I did ride 13 hours on Amtrak last Thursday, and it was pretty uneventful and relaxing. It was also supposed to be an 11-hour ride (which is a fairly typical delay, I think). And I’ve had a great time in North Carolina with my family. But how long, I wonder, will my scheduled 13-hour trip from Kannapolis to Manhattan take tomorrow?

Speaking of NYC, I enjoyed Yankee Stadium way more than I expected to.

The transit dilemma

Sacramento River Cats Logo

Say you wanted to go from Oakland, California to Sacramento, California, a distance of 80 miles, to catch a Friday night Sacramento Rivercats game. (They’re a minor-league baseball team.) And you wanted to take public transit and come back the same night. That seems possible.

116 hours round-trip

Descriptors for my and Amber’s recently completed trip to San Francisco: enjoyable. fun. exhausting. heartbreaking. inspiring.

It was all that and more. We enjoyed each other’s company. But let’s talk about Amtrak first. Two and a half days on the train (a total of 116 hours or so round-trip—but who’s counting?) was hard to take—though it was almost entirely due to the lack of good scenery in northeastern and north-central Montana, the miniscule number of food choices for vegetarians on the Empire Builder, our inability to really, um, go anywhere on the train [other than in the direction it pointed, without any effort on our part], the disturbing lack of facilities for washing oneself in “coach”, and not in any way due to the company. I take that back. It was great fun being with Amber, but some of the other people were not so companionable.

Example: the woman who felt it necessary to discuss her legal problems [including an interstate custody battle for which she did not want to go to California] with a (conceited) country lawyer, right behind us, very loudly, at 11 pm, two days after we first got on the train, when we [and several others around us] desperately needed sleep. That was unpleasant.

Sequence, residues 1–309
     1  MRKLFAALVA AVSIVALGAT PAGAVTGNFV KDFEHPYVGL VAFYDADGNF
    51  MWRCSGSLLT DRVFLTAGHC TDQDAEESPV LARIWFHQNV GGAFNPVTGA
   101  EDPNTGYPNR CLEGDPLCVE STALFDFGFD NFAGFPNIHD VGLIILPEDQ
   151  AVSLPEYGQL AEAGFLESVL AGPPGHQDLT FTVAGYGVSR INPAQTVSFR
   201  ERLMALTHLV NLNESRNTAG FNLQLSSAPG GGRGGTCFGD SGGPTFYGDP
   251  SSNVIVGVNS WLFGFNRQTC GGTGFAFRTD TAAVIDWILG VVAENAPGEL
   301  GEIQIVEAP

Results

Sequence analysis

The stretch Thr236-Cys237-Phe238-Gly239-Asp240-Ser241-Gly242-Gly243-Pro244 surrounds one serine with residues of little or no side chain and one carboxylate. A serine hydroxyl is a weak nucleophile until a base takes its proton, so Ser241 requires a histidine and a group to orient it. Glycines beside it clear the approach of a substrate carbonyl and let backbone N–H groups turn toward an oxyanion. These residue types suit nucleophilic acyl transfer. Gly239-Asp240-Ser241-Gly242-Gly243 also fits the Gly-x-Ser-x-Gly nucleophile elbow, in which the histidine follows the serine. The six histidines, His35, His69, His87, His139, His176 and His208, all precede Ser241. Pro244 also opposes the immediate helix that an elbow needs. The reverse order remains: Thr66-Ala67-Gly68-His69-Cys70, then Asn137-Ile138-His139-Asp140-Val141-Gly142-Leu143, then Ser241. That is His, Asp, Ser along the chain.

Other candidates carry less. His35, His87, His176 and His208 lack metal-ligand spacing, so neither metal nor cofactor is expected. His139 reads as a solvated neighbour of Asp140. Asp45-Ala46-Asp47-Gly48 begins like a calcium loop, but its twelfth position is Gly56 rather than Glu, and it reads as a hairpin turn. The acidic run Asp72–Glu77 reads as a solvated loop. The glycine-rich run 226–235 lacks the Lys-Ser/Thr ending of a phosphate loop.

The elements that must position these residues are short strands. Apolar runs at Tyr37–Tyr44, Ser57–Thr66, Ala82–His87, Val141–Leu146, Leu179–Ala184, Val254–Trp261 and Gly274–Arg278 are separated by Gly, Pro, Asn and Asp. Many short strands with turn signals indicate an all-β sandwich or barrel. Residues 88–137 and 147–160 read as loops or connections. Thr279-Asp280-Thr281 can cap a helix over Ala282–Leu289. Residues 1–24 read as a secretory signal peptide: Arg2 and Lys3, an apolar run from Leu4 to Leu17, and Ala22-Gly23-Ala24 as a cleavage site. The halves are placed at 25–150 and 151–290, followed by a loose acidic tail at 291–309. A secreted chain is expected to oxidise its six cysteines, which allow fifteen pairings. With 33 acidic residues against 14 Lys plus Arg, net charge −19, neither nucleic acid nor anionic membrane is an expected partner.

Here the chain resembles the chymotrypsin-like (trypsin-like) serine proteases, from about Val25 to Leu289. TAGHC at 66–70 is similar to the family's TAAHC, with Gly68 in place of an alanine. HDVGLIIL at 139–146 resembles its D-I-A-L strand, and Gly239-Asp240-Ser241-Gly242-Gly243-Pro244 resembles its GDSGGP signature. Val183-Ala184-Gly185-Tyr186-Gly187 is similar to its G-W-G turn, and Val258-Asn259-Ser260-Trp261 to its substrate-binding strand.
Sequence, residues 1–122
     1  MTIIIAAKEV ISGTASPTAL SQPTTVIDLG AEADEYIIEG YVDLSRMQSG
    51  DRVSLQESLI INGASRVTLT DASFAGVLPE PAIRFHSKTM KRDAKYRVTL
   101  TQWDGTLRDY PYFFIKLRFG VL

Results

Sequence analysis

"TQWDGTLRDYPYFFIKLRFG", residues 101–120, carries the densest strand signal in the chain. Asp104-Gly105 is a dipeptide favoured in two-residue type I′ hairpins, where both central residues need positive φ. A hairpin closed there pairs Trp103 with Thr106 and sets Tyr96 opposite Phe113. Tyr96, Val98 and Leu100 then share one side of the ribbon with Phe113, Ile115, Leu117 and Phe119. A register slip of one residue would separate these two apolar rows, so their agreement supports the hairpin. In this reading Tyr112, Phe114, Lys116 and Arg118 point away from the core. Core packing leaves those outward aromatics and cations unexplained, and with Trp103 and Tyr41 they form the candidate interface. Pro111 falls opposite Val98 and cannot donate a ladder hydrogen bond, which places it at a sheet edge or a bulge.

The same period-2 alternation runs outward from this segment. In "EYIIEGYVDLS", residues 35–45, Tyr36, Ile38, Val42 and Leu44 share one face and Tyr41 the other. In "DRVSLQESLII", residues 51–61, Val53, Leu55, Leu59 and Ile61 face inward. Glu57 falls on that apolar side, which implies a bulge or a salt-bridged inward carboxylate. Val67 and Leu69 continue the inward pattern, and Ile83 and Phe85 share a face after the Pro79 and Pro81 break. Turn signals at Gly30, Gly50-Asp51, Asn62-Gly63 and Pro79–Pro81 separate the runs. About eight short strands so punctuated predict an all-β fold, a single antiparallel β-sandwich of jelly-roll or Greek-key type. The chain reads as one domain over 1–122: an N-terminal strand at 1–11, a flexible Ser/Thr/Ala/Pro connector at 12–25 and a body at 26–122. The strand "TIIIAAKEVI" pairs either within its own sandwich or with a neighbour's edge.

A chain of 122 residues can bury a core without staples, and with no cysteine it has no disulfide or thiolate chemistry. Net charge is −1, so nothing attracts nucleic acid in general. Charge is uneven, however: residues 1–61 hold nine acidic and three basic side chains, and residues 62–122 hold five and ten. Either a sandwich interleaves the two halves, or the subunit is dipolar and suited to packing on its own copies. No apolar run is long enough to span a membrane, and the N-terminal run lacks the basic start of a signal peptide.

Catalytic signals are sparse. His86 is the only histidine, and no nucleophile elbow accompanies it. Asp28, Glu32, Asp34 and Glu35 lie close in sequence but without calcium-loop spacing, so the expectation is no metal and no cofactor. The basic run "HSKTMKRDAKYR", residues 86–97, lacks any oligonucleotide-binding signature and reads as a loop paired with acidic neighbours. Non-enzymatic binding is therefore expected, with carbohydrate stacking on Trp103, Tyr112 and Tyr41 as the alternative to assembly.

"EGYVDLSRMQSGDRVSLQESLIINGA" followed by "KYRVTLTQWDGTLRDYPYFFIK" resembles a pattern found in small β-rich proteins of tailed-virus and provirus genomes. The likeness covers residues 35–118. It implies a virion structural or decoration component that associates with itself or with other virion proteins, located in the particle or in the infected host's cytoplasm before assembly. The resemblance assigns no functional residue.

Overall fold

On the trip back, the Coast Starlight was 2 hours late getting to Emeryville (near Berkeley), CA, and we were scheduled only 1 1/2 hours of layover time in Portland to catch the Empire Builder on the final leg of our journey. This wasn’t the worst part. We were stopped somewhere in rural Oregon, nowhere near a station, when the conductor announced that there was “a minor medical emergency” and that we would wait for the paramedics. Rumors quickly spread of a man who was suffering heart attack symptoms. We never saw an ambulance, however. Instead we saw a woman arrested outdoors by three law enforcement officers, after her luggage was seized from our car and searched. I personally saw the cuffs being put onto her wrists. The medical emergency seemed to have been a weak cover story.

The results of the lateness of that train: we had to take a bus from Eugene, OR to Portland; we basically had to run from the bus to the train, which was departing mere minutes after our arrival; we were therefore unable to replenish our supply of trail mix, fruits, and vegetables in the (very palatial and pleasant) Portland train depot; we were therefore forced to eat more pre-packaged “vegetable patties,” complete with bun and egg-white binding agent, than we ever would have wanted to.

116 hours.

SF was great though—Haight-Ashbury, Guided by Voices (such super-skilled rock musicians!) free at Amoeba Records (a surprisingly great show for free!), a sunny day in Golden Gate Park, an incredible wealth of great art at SFMOMA (including a brilliant site-specific installation by Sarah Sze called “Things Fall Apart” made of a chopped-up Jeep Cherokee, strings, wires, and a sculptural collage of organic and inorganic elements that I can’t do justice to here). The food was great and cheap—Nick knows where to go. Don’t miss Intermezzo on Telegraph in Berkeley, among others.

We got to get out of Minneapolis as well—a good thing, except that the Bay Area has a way of making Minneapolis look brown, boring, and uptight, and feel very, very cold. Sigh.